PSU Food Cart Pod Lives

The carts near Millar Library won’t have to close July 1 after all, university leaders say.

Nong Phimmoungkhoun at Khao Niew (Rachel Saslow)

After announcing earlier this year that the food cart pod near Millar Library would have to close over wastewater disposal costs, Portland State University has reversed course and told the carts they can stay after all.

“The PSU community made it clear that the library carts are an important part of our campus, and we agree,” said Jason Franklin, associate vice president for PSU’s Planning, Construction and Real Estate in a press release. “We received a lot of feedback and advocacy for the food carts and appreciate all of the support. We’re happy that after careful consideration and assistance from the city of Portland’s Bureau of Environmental Services, we found a cost-effective solution that protects public health.”

The carts are a mainstay for PSU students, who petitioned to let them stay on campus despite changing state and city regulations for wastewater disposal. The tightening rules come after years of concerns and Multnomah County meetings about rat infestations and wastewater spills at food cart pods, going back to 2017. (Food carts call the dirty dishwater “graywater.”) The rules have been affecting food cart pods across the state since January 2023.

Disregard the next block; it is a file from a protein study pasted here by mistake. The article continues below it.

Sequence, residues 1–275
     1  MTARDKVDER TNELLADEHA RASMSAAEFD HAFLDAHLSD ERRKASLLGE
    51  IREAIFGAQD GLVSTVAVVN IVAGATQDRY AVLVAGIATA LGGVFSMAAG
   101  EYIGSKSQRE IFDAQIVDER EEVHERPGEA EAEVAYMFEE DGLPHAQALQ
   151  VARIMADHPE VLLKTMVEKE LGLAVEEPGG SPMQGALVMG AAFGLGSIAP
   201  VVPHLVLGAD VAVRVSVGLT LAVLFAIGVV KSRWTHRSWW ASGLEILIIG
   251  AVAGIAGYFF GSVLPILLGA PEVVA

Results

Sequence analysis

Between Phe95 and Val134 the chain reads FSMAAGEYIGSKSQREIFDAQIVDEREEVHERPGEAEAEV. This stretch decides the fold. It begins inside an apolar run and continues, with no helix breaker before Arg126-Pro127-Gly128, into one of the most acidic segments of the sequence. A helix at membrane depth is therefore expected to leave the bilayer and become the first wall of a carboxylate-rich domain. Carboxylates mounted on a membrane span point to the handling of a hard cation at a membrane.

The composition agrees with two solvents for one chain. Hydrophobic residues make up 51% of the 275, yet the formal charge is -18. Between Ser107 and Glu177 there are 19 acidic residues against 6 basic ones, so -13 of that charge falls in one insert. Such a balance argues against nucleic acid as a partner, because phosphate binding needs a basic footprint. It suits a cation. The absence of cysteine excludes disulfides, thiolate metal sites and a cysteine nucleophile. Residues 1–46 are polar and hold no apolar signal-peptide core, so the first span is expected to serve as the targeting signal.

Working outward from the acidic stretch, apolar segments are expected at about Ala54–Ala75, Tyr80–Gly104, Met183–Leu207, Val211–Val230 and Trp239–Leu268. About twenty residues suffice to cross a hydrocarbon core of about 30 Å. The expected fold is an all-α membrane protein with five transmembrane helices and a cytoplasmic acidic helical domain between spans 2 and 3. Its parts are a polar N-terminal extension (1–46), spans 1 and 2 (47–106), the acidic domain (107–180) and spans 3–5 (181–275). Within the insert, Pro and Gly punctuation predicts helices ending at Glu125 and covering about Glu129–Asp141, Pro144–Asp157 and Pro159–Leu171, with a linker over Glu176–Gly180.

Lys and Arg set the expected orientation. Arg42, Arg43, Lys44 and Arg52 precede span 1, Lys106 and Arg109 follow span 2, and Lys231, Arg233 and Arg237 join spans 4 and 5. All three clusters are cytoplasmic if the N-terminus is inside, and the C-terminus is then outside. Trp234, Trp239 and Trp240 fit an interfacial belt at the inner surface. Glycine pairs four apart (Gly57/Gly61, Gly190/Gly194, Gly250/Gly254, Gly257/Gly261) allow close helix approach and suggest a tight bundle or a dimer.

PSU will begin construction this summer to install a new grease interceptor system, bringing the pod into compliance with the graywater regulations.

The food cart owners will foot a rent increase to cover the cost of maintenance and oversight of the new system. The food cart owners were notified of the news earlier this month. Carts in the pod include Khao Niew Lao Street Food, Home Taste Chinese food, and Sheesh Shawarma.

Millar Library itself remains closed “indefinitely” due to major damage and loss from pro-Palestinian and other protesters three weeks ago. The university hopes the library can welcome students again in the fall.

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